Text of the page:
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Hobbs will remove herself as plaintiff in campaign finance lawsuit

By: - December 7, 2018 3:42 pm

Katie Hobbs speaking with supporters at the Women Together Arizona Summit in September 2016. Photo by Gage Skidmore | Flickr/CC BY-SA 2.0

Secretary of State-elect Katie Hobbs won’t find herself in a unique position of being both defendant and plaintiff in the same lawsuit.

Hobbs will remove herself as one of the plaintiffs in a legal challenge to a 2016 campaign finance law, which her new office has been tasked with defending in court, a spokeswoman said.

Hobbs was one of 25 Democratic lawmakers who joined the Arizona Advocacy Network’s 2017 lawsuit against provisions of Senate Bill 1516, a massive overhaul of the state’s campaign finance statutes that Secretary of State Michele Reagan’s office authored. Reagan is one of the defendants in the case.

But now that Hobbs is preparing to be sworn in as Arizona’s next secretary of state, the responsible thing to do is to remove herself as a plaintiff, spokeswoman Jeanine L’Ecuyer told the Arizona Mirror.

A Maricopa County judge on Wednesday sided with the plaintiffs, ruling that several provisions of the campaign finance law violated the Voter Protection Act, a provision of the Arizona Constitution that restricts the Legislature’s ability to amend voter-approved laws. A Reagan spokesman said at the time that the Secretary of State’s Office hadn’t decided yet whether to appeal the ruling.

Unless it is made in the next few weeks, that decision will be up to Hobbs. As the minority leader in the Arizona Senate, Hobbs opposed SB1516 and joined the lawsuit against it. But L’Ecuyer said an appeal is one of the many options Hobbs is now considering, and emphasized that she is no longer making decisions only for herself.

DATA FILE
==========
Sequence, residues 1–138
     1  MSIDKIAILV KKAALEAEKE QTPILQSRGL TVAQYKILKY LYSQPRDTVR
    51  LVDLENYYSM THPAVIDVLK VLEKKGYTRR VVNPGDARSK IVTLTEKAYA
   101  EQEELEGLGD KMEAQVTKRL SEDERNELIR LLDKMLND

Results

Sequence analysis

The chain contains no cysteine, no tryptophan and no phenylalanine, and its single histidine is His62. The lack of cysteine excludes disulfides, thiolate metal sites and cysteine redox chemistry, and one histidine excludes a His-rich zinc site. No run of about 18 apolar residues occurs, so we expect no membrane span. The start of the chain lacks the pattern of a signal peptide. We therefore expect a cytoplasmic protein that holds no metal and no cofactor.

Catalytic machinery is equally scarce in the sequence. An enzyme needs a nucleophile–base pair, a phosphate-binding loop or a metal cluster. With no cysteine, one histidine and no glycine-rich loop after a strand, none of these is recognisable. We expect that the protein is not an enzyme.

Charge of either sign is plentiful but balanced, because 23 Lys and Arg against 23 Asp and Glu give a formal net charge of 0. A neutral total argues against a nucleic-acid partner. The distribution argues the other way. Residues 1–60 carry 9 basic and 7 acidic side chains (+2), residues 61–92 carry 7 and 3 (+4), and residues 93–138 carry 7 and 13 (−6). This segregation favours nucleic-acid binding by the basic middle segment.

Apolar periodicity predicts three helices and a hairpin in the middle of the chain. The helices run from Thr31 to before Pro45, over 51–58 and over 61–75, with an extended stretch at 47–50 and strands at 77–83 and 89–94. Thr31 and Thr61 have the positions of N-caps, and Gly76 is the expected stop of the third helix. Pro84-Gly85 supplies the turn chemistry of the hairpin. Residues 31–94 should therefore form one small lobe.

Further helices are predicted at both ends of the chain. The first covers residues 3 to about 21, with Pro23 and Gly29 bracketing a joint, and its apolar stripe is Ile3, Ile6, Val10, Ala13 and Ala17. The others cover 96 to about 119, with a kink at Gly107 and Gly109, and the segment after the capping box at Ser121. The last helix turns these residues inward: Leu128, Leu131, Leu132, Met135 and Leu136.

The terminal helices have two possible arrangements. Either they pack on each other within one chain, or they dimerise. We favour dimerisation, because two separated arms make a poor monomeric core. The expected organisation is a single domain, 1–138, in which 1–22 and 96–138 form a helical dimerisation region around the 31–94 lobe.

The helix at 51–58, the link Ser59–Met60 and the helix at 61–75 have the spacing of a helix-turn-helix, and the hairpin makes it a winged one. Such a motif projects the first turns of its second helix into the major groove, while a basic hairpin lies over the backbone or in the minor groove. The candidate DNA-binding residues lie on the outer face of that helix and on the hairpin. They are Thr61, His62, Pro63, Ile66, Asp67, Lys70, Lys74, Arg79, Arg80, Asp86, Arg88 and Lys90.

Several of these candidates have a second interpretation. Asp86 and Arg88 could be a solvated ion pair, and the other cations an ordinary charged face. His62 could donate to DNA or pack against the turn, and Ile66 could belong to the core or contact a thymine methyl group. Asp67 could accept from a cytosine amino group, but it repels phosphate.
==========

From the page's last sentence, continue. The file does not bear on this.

“She’s now considering not only the best thing for the Secretary of State’s Office but the best thing for the voters,” L’Ecuyer said.

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Jeremy Duda
Jeremy Duda

Jeremy Duda is a Phoenix native and began his career in journalism in 2003 after graduating from the University of Arizona. Jeremy Duda previously served as the Mirror's associate Editor. Prior to joining the Arizona Mirror, he worked at the Arizona Capitol Times, where he spent eight years covering the Governor's Office and two years as editor of the Yellow Sheet Report. Before that, he wrote for the Hobbs News-Sun of Hobbs, NM, and the Daily Herald of Provo, Utah. Jeremy is also the author of the history book “If This Be Treason: the American Rogues and Rebels Who Walked the Line Between Dissent and Betrayal.”

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